Beyond Earth, Mars is the most habitable planet in the solar system — but that doesn't mean we can simply move there and expect to live off the land.
Though the surface of Mars is more barren (and a lot more toxic) than the most arid desert on Earth, NASA has uncovered a vast underground supply of water ice that may, someday, be an oasis for future Mars explorers.
Key to our future Mars settlers' survival will be the utilization of resources already on the Red Planet, so the necessity of landing future Mars explorers near a known water resource is a no-brainer. Water isn't only a requirement for keeping astronauts alive, it's needed for fuel production and would sustain any burgeoning Martian agriculture. Put simply, unless we find Mars water and understand how to access it, our Mars colonization dreams are over. But the discovery of a vast reservoir of subsurface water ice by an orbiting NASA Mars satellite could represent a game-changer for the future of Mars colonization.
"This deposit is probably more accessible than most water ice on Mars, because it is at a relatively low latitude and it lies in a flat, smooth area where landing a spacecraft would be easier than at some of the other areas with buried ice," said Jack Holt, of the University of Texas, in a statement.
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The deposit was found beneath the famous Utopia Planitia, the Martian plain where NASA's Viking 2 robotic lander set down in 1976. Using data from NASA's Mars Reconnaissance Orbiter's ground-penetrating Shallow Radar (SHARAD), researchers discovered the huge slab of ice, ranging from 260 feet (80 meters) to 560 feet (170 meters) thick covering an area larger than the state of New Mexico. The deposit is 50-85 percent water ice mixed with dust and rocks.
Utopia is located halfway between Mars' north pole and equator, a region where water ice cannot currently persist on the surface. It is thought that the ice accumulated in the location when the planet was a lot more tilted than it is now. The Red Planet's tilt varies wildly over the course of its approximate 120,000 year cycles; its current axial tilt is around 25 degrees, but it can tilt as much as 60 degrees. This wild range causes significant climatic changes that forced the formation of ice from the poles to lower latitudes in the past.
"This deposit probably formed as snowfall accumulating into an ice sheet mixed with dust during a period in Mars history when the planet's axis was more tilted than it is today," said Cassie Stuurman, of the Institute for Geophysics at the University of Texas, Austin, and lead author of a study published in the journal Geophysical Research Letters.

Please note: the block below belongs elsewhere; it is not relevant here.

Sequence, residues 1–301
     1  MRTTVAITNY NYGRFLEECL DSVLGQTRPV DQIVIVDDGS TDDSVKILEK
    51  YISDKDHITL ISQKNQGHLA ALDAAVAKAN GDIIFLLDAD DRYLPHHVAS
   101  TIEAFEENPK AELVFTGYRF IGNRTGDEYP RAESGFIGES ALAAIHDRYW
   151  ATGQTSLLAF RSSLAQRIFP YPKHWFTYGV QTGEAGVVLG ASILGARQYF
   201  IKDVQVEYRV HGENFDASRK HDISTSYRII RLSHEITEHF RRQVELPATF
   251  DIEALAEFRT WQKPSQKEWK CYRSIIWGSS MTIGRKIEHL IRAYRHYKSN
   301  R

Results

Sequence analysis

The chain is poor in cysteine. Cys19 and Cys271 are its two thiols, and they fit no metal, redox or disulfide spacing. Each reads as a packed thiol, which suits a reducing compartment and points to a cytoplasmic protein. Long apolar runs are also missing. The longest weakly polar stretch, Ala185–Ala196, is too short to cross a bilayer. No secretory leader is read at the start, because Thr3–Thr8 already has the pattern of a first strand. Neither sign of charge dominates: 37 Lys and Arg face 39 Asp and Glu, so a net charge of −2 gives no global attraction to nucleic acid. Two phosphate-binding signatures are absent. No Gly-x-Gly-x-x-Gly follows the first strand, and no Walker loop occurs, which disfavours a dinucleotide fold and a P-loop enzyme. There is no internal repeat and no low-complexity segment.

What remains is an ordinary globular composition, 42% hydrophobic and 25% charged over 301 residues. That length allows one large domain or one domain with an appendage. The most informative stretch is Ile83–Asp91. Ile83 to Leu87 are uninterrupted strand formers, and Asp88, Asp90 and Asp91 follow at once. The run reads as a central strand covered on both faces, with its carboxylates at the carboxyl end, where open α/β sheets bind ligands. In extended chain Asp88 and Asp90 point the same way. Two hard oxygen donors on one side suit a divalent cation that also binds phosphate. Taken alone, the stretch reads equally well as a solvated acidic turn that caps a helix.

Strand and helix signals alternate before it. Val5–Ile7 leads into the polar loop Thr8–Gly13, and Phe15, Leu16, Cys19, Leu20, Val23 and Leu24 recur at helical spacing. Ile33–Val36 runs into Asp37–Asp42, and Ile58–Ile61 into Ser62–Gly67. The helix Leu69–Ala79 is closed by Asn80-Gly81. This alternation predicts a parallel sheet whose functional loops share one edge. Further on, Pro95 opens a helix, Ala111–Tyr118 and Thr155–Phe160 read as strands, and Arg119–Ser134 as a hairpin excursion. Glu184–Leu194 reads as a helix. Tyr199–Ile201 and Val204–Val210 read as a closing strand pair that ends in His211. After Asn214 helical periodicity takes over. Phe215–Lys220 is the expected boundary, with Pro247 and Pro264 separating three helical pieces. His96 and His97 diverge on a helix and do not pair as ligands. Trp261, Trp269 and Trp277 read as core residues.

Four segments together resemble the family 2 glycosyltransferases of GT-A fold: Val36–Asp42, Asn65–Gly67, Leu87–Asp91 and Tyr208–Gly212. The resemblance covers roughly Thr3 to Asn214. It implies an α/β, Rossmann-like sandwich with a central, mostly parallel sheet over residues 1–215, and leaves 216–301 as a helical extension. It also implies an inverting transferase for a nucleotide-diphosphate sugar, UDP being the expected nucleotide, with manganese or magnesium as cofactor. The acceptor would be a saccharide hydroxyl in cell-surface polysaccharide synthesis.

The subsurface reservoir at Utopia represents a climatic record of these climatic shifts, protected by a 1-10-meter-thick layer of Mars rock and regolith — Martian "soil" which is composed of the ground-up dusty remains of eons of meteorite impacts. This thin surface layer means the first human Mars explorers could relatively easily drill into the water ice deposit, either mining chunks of water ice for processing, or directly heating the layer and pumping out liquid water.
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Of course, the presence of water ice will lead to the speculation of the possibility of Mars life. Could there have been pockets of slushy liquid water underground that allowed microbial life gain a foothold?
"Where water ice has been around for a long time, we just don't know whether there could have been enough liquid water at some point for supporting microbial life," Holt added.
Utopia has long been suspected as a location where water ice is hiding. Polygonal surface features that are commonly seen in the Canadian Arctic are an indicator of subsurface ice are also present in Utopia. However, this is the first time that the presence of subsurface ice has been confirmed in the region. There is also evidence of ancient river channels in the region (pictured top) where it is thought that subsurface ice melted and flowed.
"The ice deposits in Utopia Planitia aren't just an exploration resource, they're also one of the most accessible climate change records on Mars," said co-author Joe Levy of the University of Texas. "We don't understand fully why ice has built up in some areas of the Martian surface and not in others. Sampling and using this ice with a future mission could help keep astronauts alive, while also helping them unlock the secrets of Martian ice ages."
Originally published on Seeker.